In addition to the comparison of rates presented above, it is also helpful to consider the spread of hotel interest rates in comparison to the Fed rate. The following chart illustrates the spread, in basis points, between the Fed rate and the hotel interest rates indicated by ACLI and HVS.

Spread Between Fed Rate and Hotel Interest Rates
Sources: HVS, ACLI
The chart above shows that the spread tends to increase during periods of rate cuts and decrease during periods of rate increases. It is important to note that while hotel interest rates are influenced by the federal funds rate, they are more closely correlated to other investment rates, such as the yield on an average-A corporate bond. Additionally, mortgage rates are most often quoted in terms of spreads on the Secured Overnight Financing Rate (SOFR) or the yields on U.S. Treasury bills. Nevertheless, those more closely correlated indicators of hotel financing rates are also dependent on the Fed funds rate.

Looking Ahead

Fortunately, the FOMC offers forward-looking guidance on their targeted rate. As of March 20, when the last guidance was issued, the targeted “long-run” rate was 2.5–2.75%. This level represents the Fed’s estimate of a neutral funds rate that neither stimulates nor inhibits economic growth. As seen in the charts above, the Fed has not zeroed in on such a rate in recent memory, but instead has alternated between stimulating rates following a crisis and inhibiting rates when growth becomes too strong. Nevertheless, the Fed’s forward-looking rate guidance can provide some indication of where hotel interest rates may be headed if all goes as planned in coming years.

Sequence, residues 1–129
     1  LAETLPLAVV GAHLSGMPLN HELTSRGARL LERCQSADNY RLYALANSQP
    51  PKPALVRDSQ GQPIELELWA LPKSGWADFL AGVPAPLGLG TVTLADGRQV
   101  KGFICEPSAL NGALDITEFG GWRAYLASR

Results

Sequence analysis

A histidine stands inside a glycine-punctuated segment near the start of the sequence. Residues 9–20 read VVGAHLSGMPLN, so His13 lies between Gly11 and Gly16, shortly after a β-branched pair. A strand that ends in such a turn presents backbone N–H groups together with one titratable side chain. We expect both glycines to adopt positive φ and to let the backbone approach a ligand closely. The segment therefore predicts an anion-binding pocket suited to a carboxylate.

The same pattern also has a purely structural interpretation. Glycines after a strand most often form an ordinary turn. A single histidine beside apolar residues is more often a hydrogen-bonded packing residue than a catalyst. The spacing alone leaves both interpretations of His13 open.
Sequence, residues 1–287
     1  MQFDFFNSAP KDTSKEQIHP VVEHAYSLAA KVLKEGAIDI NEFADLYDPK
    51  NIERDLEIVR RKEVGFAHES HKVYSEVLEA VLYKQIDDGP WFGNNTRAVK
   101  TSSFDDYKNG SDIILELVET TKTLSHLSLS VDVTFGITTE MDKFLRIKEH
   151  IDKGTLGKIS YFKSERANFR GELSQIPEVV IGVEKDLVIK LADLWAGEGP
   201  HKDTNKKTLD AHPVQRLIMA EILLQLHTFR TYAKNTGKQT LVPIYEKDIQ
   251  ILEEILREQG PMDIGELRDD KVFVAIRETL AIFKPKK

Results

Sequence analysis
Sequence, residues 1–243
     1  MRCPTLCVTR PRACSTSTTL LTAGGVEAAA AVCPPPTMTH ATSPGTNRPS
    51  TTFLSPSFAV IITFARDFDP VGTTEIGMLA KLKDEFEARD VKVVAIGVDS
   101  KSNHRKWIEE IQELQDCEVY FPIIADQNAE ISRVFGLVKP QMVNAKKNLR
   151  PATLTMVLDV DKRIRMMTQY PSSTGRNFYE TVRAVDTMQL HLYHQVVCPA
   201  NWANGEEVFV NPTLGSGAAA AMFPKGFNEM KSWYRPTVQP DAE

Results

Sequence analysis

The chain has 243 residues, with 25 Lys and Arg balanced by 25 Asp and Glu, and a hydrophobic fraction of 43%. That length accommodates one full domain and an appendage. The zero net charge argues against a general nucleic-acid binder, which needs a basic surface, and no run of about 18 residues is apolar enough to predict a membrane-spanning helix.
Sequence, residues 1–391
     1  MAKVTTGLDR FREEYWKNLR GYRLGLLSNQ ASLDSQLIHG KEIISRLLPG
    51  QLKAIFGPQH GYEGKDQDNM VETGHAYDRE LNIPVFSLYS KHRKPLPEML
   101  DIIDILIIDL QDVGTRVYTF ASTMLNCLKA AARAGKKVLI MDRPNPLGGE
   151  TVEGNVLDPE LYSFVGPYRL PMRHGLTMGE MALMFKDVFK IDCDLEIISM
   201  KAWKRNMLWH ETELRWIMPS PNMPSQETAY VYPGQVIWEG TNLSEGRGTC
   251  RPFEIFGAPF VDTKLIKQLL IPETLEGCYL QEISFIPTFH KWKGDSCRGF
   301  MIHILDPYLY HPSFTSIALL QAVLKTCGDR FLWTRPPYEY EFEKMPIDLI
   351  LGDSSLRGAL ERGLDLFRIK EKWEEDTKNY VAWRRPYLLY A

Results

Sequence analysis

In consideration of the historical trends presented above, we have estimated a range of potential hotel interest rates that correlate to the FMOC’s projected target rate in coming years, as of March 20.

Future Interest Rate Ranges
Sources: FOMC Dot Plot Dated March 20, 2024 (*), HVS (**)
These projections indicate that if the Fed decreases the funds rate as planned, hotel interest rates are not likely to decline to the levels recorded from 2013 to 2021. Hotel investors needing to originate a loan in the near term should not be overly concerned about timing the interest rate market. On the other hand, for those with a low interest rate locked in through 2025, it may be worthwhile to wait as long as possible to obtain new financing. Of course, as the data presented in the first chart indicate, interest rates do not typically trend smoothly in the intended direction for very long. The choice to delay financing until interest rates are much lower may also mean choosing to face whatever macroeconomic crisis causes them to fall that far.
As the HVS Practice Leader for the Midwest, Dan McCoy, MAI, oversees the firm's seven offices in this region. A Senior Managing Director at HVS, Dan is a recognized thought-leader, collaborative advisor, and invaluable resource for the Midwest's lodging industry. He combines a deep understanding of regional hotel markets with strong analytical thinking to provide a wide variety of clients with up-to-date hospitality intelligence and tailor-made solutions. Dan is a Designated Member of the Appraisal Institute (MAI) and a certified general appraiser. Contact Dan at +1 (970) 215-0620 or [email protected].


  1. I really liked this article, very illuminating! Its so good to see that context of pre-2009 lending environment, it makes the rates going forward seem a lot more reasonable.

  2. Excellent discussion, Dan...credible and reasonable outlook based on a long line of data.